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Gareth Morgan’s Big Kahuna

Written By: - Date published: 6:17 am, August 24th, 2011 - 105 comments
Categories: tax - Tags: ,

Gareth Morgan and Susan Guthrie’s piece in the Herald brilliantly elucidates the crisis of capitalism and the inadequacy of an economic system that only recognises value in work that produces market goods and services. Their book, The Big Kahuna, on their alternative tax system has just been published and I found these videos of Morgan explaining.

First, Morgan on why there is a need for change (there is a look at the history of taxation too, which is interesting)

Next, Morgan talking about the inequity of the current tax system and how the changes would affect that. Basically, it’s a big transfer of taxation from work to wealth – like Labour’s tax-free zone/capital gains tax package but more.

Then, the details of the proposal: $11K negative tax per adult ($8,500 per youth) and a 30% tax on all income, including an assumed 6% income on all capital. Simple and straightforward, it would save $2 billion a year in costs of MSD and IRD.

Finally, Morgan deals with the issue of solo parents, the only big losers under the policy. A simple fix is to lift the tax rate to 32% and give every child $3,000 a year.

The rest of the videos are here and there’s a powerpoint presentation here.

We can quibble here and there, and I have a few unanswered questions (like, what happens with GST) that are probably answered in the book, but small problems can be fixed. This is a brilliantly simple and revolutionary base for a new tax and redistribution system that can potentially eliminate poverty altogether while targeting the biggest inequality in capitalist society – the division of capital.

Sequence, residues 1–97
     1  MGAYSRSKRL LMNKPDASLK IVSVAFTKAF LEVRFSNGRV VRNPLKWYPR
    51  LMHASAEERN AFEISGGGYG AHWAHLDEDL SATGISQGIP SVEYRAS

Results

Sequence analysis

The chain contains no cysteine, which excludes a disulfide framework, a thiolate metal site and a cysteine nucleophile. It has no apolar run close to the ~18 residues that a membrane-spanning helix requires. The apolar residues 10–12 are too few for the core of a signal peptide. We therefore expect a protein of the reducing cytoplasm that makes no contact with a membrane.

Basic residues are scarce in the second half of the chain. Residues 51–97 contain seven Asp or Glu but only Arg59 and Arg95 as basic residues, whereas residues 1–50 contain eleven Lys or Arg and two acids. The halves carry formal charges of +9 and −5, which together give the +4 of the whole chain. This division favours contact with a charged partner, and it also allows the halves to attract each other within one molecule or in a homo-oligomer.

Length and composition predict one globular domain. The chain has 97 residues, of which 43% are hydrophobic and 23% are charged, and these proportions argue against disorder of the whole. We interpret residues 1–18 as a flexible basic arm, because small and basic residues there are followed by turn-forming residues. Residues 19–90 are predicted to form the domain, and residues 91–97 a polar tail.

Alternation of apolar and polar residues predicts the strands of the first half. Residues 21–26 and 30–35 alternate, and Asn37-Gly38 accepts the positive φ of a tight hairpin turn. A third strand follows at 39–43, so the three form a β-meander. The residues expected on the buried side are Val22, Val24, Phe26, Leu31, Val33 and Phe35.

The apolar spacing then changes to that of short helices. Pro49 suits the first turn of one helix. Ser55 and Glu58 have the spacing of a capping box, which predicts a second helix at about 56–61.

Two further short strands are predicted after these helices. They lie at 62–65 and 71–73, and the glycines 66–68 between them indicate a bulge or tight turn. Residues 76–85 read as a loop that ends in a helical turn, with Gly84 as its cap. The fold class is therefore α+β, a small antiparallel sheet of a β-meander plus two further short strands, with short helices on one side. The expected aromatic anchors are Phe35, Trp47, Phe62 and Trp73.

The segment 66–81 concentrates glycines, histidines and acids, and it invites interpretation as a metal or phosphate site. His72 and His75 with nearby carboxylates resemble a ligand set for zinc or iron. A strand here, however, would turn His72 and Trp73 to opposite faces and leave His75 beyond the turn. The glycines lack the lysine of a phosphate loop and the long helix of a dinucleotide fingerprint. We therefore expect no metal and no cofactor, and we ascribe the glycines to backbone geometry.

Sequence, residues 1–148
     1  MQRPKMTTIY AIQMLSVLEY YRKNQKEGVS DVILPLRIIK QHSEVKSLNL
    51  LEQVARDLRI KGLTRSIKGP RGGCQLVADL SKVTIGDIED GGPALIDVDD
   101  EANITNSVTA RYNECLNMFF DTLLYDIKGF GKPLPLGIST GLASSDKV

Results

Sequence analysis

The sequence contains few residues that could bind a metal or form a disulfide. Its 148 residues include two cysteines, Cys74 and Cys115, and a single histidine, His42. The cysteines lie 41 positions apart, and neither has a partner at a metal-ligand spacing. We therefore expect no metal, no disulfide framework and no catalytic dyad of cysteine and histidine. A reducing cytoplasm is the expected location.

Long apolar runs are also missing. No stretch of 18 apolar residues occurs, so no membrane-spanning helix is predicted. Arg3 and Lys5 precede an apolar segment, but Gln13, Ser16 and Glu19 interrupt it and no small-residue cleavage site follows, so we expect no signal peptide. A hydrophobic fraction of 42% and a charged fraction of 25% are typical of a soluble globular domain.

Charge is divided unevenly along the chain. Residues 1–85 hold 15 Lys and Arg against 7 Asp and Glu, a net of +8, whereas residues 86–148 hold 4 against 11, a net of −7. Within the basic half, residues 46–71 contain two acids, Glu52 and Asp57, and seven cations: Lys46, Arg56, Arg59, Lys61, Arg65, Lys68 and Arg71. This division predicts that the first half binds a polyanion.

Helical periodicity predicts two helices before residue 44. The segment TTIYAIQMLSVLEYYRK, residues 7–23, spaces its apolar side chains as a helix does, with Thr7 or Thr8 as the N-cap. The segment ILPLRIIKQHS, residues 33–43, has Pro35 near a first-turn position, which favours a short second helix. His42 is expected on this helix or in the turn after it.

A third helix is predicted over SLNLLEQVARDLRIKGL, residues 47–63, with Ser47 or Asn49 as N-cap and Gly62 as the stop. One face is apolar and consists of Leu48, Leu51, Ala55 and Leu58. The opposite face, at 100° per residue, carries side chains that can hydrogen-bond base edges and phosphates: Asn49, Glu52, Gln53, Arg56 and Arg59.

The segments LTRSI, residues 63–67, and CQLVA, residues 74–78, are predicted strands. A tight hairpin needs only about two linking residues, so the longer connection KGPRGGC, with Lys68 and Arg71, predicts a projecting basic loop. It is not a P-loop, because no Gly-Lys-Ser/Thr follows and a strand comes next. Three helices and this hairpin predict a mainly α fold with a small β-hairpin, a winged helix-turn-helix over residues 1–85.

The components of the Big Kahuna aren’t new ideas but together they are exciting. The new economy that will need to be formed out of this crisis of international capitalism will need a new tax system – the Big Kahuna could be it.

105 comments on “Gareth Morgan’s Big Kahuna”

  1. vto 1

    My 2c says that I have been watching and listening closely to Morgan over many years. He is consistent, logical, honourable and understands the wider structure of society. He has always been well worth listening to.

    … compare this with Key and his ideas (or lack of).

    … compare yesterday’s darkhorse post re state asset sales with Key.

    … Key is the most shallow worthless PM ever.

  2. queenstfarmer 2

    I too am a big supporter of the flat tax that Gareth Morgan proposes – a flat 25% tax on all corporte, personal and trust income.

    “The most pleasing graph in the Tax Review’s recent report is the one that demonstrates the total futility of having a progressive personal income scale.”

    • Lanthanide 2.1

      What we really want is a specific taxation outcome: that those who have the most wealth pay proportionally more of their wealth as tax than those who have the least, simply because there is a minimum fixed cost that everyone may pay in order to live a dignified life.

      Progressive tax scales attempt to achieve this outcome through a very blunt method. Starting everyone off with a negative tax balance with a flat rate on all income achieves the same goal but in a much fairer manner.

      If what you’re advocating is a flat tax rate without the additional negative tax component, then you’re not trying to achieve the goal that the current progressive taxation system is attempting to achieve.

      • queenstfarmer 2.1.1

        Agree with all that. The negative tax balance (univeral allowance, etc) is a great idea.